• \n\t
  • who will be accountable for making sure it all happens\n\t
  • \n\t
  • when things will happen – including a realistic timeline for getting things done\n\t
  • \n\t
  • how it will be monitored, reviewed and evaluated.\n\t
  • \n
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The not-for-profit movement needs to be more accountable if it is going to continue enjoying the income that results from the support of the public, governments, and other partners. This means that just having a communication strategy isn’t enough. The quality of organisational communications has never been more important, so it’s vital to have a strategy that’s designed to meet the specific needs of your organisation and a workable plan for putting it into action.

Most organisations undertake to communicate what they do to the outside world. But often this amounts to little more than maintaining a website, publishing an annual report and circulating a newsletter.

More often, organisations have invested in developing a communication strategy but have paid little attention or no attention to actually implementing, monitoring and reviewing their strategy. Sometimes the organisation’s leadership isn’t even aware that a communication strategy exists, never mind what it commits the organisation to do and what resources it requires. I’ve seen some ultra-ambitious communications strategies that simply aren’t being implemented. The top ten reasons for this are:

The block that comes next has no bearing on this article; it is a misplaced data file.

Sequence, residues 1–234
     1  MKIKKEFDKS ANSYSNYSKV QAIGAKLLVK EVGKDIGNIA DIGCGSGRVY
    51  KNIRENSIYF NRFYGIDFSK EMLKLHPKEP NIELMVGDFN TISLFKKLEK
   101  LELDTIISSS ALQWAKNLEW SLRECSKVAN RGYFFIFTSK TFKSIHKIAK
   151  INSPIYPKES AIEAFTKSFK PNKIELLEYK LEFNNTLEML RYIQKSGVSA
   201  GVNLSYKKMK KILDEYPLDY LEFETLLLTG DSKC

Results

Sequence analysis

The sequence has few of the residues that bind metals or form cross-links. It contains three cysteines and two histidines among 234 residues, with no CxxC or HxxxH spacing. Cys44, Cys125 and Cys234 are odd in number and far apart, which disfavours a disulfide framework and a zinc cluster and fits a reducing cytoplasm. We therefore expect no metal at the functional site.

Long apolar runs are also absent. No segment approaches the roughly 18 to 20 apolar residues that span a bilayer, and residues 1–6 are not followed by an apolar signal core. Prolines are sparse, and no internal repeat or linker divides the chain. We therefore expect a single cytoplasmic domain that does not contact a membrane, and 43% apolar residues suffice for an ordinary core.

• commissioning someone who does not understand the sector to develop a strategy that is not realistic for the available resources
  • lack of meaningful commitment from the organisation’s leadership without an understanding of the skills and resources needed to sustain an on-going communication strategy,
  • insufficient investment of resources for implementation
  • failure to assign responsibility for overseeing implementation to someone with sufficient authority and seniority to make things happen
  • not making the person responsible for implementing the strategy accountable to the organisation’s leadership
  • expecting people who don’t have the right skills and experience to take responsibility for implementation
  • expecting people who are already overstretched to take responsibility for implementation
  • not setting an implementation schedule stipulating deadlines for getting things done
  • failing to put in place a process for regularly monitoring and reviewing the strategy
  • assuming that all communication specialists are multi-skilled: just because someone knows how to post content onto a website, it doesn’t mean they necessarily know how to write a good feature story or how to pitch a news story to a journalist.

A good communication strategy should always include an implementation plan, which spells out:

  • what resources need to be put in place – including what skills are needed, how much labour each activity will require, what infrastructure is needed and how much it will all cost
  • who will be accountable for making sure it all happens
  • when things will happen – including a realistic timeline for getting things done
  • how it will be monitored, reviewed and evaluated.